2003, 367 p.
Three puzzling books in a row. My dear daughter, bless her, says that I’m just getting stupider. That may be the case (I blame Judge Willis), but in my own defence in my last three fiction reads I think that I’ve read
- a wilfully abstruse book (House of Splendid Isolation)
- a genre high-wire act (Truth)
- and now a carefully constructed, unsettling book that I feel satisfied to puzzle over.
This was my face-to-face book group read for the month. It was my selection (“Who chose THIS book?”) and I was rather disappointed to find when I was flipping through my reading journal that I’d actually read it before, in 2004. I now realize that what I meant to nominate was her next book The Lost Dog which she wrote in 2007. It didn’t matter though- I really could not remember much about The Hamilton Case at all. I was interested to see that the comments I made six years ago are pretty much the same comments I’m going to make now.
This is a clever, clever book. It commences with an autobiographical fragment, written by the elderly Ceylonese lawyer Sam Obeysekere, reminiscing about The Hamilton Case which he prosecuted many years previously. The case was emblematic of Sri Lanka’s colonial past: it occurred on a tea-plantation where the white manager was murdered and two labouring coolies were accused of the murder. Our narrator is a pompous, deluded, rather pathetic character, reminiscent of the narrator of Ishiguru’s The Remains of the Day. This section ends abruptly and the narrative broadens to an omniscient third-person perspective. This is perhaps a little unfair as we have been repelled by Sam’s character in the first section, just as other characters in the book had been repulsed by him for other reasons. What follows is a narrative of Sam’s family- his mother, sister and son- and what a steaming, foetid family this is. De Kretser evokes vividly the rampant Sri Lankan jungle- it reminded me a little of One Hundred Years of Solitude– and the book is drenched with colonial decay. Much though I was enjoying this section, I did find myself wondering about the title, given that the Hamilton Case itself had taken up only a small part of the book. But I was in confident hands, and sure enough the last section of the book, written as a letter from an author who had fictionalized (or had he??) the Hamilton Case, disrupted completely Sam’s telling of the case in the book’s opening.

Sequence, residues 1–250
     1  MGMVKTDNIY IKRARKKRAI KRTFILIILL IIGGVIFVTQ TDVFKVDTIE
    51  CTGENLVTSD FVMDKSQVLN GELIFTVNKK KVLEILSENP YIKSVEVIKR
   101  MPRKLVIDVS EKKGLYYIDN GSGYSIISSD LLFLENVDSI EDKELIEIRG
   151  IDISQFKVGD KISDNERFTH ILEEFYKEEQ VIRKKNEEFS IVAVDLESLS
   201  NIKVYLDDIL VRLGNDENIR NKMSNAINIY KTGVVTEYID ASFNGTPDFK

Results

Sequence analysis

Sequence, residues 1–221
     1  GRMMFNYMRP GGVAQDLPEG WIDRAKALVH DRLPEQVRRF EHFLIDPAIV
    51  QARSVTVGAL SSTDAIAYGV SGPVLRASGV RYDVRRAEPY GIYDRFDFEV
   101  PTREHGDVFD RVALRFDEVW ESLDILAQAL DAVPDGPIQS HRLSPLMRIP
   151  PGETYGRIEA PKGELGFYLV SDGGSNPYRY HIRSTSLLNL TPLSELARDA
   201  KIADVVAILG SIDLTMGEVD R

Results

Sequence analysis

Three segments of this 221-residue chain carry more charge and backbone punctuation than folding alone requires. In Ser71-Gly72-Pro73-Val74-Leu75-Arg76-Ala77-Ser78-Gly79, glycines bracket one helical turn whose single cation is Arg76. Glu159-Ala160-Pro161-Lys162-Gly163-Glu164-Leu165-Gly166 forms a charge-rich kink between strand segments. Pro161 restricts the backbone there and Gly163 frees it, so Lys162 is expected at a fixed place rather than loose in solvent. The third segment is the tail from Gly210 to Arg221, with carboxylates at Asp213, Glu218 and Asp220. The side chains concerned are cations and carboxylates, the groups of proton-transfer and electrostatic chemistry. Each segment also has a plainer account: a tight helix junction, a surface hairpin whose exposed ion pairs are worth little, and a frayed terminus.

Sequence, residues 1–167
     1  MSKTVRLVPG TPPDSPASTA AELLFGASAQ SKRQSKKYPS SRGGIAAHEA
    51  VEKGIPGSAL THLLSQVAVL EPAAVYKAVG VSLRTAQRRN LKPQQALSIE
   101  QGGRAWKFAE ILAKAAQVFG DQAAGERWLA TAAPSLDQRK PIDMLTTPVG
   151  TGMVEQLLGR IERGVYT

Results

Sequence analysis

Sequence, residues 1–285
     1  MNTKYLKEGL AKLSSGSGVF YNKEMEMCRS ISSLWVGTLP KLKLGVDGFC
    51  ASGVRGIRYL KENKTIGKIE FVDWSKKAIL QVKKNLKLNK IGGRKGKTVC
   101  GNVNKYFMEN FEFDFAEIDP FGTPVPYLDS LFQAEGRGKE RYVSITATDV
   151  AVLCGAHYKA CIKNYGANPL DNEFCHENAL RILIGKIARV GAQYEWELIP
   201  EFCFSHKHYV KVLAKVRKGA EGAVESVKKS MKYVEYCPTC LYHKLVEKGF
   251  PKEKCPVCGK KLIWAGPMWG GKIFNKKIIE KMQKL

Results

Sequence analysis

Confusing? It might read that way in my summary of it, but it didn’t feel confusing while reading. Certainly, as a reader, you felt distrustful of all the characters and alert to the nuances and tricks of memory but at no stage did I feel that the author was losing control of her own narrative. On the contrary, it was very assured, clever writing, very careful and well worth a second (or in my case- third!) reading.